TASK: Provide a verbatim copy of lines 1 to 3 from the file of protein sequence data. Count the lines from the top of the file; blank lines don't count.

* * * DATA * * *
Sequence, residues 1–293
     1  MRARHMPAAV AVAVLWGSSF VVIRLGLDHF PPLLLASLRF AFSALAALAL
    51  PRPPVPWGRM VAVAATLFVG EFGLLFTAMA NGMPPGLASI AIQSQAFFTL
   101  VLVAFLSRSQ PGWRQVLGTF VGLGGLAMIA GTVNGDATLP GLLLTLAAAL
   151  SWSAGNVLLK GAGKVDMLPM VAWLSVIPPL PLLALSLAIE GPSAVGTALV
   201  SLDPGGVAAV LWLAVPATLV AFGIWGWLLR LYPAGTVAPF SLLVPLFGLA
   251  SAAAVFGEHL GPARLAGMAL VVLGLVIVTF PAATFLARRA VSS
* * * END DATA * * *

Sequence, residues 1–293
     1  MRARHMPAAV AVAVLWGSSF VVIRLGLDHF PPLLLASLRF AFSALAALAL
    51  PRPPVPWGRM VAVAATLFVG EFGLLFTAMA NGMPPGLASI AIQSQAFFTL